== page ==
In other words, sorry to burst your bubble, but simply recycling isn’t going to cut it. And in simpler terms, stop using plastic when you don’t need to.


4. Instead of consumer tax, let’s extend responsibility to producers and governments.

Paying for plastic bags is a topic that continuously comes up in the discussion around single-use plastics. It has been proven that charges work, and it does make for pretty solid headlines when you see the number of plastic bags used dropping like flies. Specifically, in England, after the 5p charge was introduced, sales of single-use bags fell by 90%.

But there are a few issues with this plastic bag charge. First, for consumers in more affluent societies, the levy may be negligible over time. It may not necessarily lead to long-term behavioural change. Secondly, why are we acting like it’s only consumers who should be responsible for the plastic crisis?

Samantha Thian had something to say about that too: “Why not tax companies?” She also highlighted discussions in the UK around extended producer responsibilities. A report, commissioned late last year by the WWF and the Resource Association, called on ministers to impose a fee on the usage of virgin plastics in packaging, and a rebate for products that use more recycled materials. This perspective, of course, represents a shift in blame to corporations and governments. Arguably, this is a step in the right direction, because they are the ones profiting the most from the fossil fuel industry. (Fun fact: plastics, if you didn’t know, are made from the same materials as fossil fuels. And by the same companies too.)


5. Making noise works.

Roxane Uzureau Zhu, the co-founder of BarePack, reminded us that big corporations are making the changes as a result of pressure by the media. Negative press, the nasty implications around disposables, and the sheer disgust people have with unnecessary plastics have collectively formed a response that pushes corporations to do better. They also realise that there are business opportunities in switching towards more planet-friendly alternatives. While this isn’t the systemic change that we’re all hoping for in view of the plastic crisis, we all have to start somewhere.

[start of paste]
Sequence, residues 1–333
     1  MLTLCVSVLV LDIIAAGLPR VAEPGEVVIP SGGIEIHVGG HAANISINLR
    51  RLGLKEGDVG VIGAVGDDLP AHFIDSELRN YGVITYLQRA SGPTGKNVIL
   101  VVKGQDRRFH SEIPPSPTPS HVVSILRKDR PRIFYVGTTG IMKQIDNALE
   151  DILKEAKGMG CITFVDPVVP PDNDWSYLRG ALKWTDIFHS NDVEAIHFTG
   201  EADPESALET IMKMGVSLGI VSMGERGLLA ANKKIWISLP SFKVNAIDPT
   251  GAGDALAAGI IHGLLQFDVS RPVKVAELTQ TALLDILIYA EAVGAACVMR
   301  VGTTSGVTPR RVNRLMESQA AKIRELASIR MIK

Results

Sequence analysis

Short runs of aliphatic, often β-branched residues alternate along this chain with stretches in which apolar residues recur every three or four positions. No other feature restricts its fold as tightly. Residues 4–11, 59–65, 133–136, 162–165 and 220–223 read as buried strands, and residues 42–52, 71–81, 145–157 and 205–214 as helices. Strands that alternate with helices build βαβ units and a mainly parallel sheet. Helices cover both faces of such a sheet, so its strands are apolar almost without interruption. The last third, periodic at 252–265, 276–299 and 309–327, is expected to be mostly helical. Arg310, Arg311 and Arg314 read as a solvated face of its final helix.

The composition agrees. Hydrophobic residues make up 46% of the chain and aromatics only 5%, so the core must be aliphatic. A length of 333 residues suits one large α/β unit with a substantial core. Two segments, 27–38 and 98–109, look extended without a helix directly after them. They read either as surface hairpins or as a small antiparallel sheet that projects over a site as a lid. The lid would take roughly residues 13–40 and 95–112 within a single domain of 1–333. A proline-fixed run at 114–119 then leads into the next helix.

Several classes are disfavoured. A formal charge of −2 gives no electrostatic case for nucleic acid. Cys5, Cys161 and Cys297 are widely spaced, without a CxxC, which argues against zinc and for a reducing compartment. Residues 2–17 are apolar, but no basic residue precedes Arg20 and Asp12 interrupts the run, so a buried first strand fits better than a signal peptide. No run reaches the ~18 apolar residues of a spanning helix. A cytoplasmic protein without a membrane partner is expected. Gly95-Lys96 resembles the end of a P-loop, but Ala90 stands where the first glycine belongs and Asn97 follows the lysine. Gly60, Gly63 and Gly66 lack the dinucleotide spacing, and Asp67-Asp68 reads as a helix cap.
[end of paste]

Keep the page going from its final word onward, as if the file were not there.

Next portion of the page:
What all of this shows us is that having a voice and making that heard is important. Don’t underestimate the power of social media, emails, petitions, and the like.


6. And sometimes, it’s just about looking within.

It can be crippling to think about the sheer scale of the plastic crisis or any other environmental problem. But it starts with holding up a mirror to your daily actions, says Thomas. Be personally responsible, and think about how you can impact your immediate social groups. Whether this means printing up a sign at your pantry, visibly using reusables when your friends aren’t, or inviting your community to beach clean-ups, it all makes a difference. Might we suggest something simple like a swear jar but for single-use plastics? Start somewhere. And with that, here are some crucial little green steps.


Start your own micro-revolutions with our #LittleGreenSteps!

> MAKE YOUR VOICE HEARD. Post on social media, write into companies and attend events where your local representatives are present. Let them know that you want the plastic crisis to be addressed.

> GET INVOLVED with organisations that are doing good. NGOs like WWF are a good start. Beach clean-up organisations like Seven Clean Seas are great too. Actively take steps to participate in bigger-level change.

> DEMAND FOR THE SWITCH towards reusables. With BarePack, you can simply sign up (it’s free) and be part of an up-and-coming system in Singapore where #BYO is easy and fuss-free. Or companies like Revolv, that are greening up events and organisations with reusable cups. Tell companies and restaurants that you want reusable options, so that when start-ups like BarePack and Revolv are introduced to them, they’ll be more easily persuaded.

> TRY GOING LOW-WASTE. Plastics represents one part of the larger waste crisis. While we know zero waste is hard, start by being more conscious of just how much waste you’re putting out. Then try lowering it. You’ll realised you’d have phased out single-use plastics completely.

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Tammy (she/her) is an activist-in-progress and digital creator and communicator, based in sunny, tropical Singapore. Her mission is three-fold: (1) to make climate justice activism and theory more accessible; (2) to create digital and physical community and learning spaces towards a more just, regenerative, and loving world within our current one; (3) and to mobilise the best parts of social media in service of all this.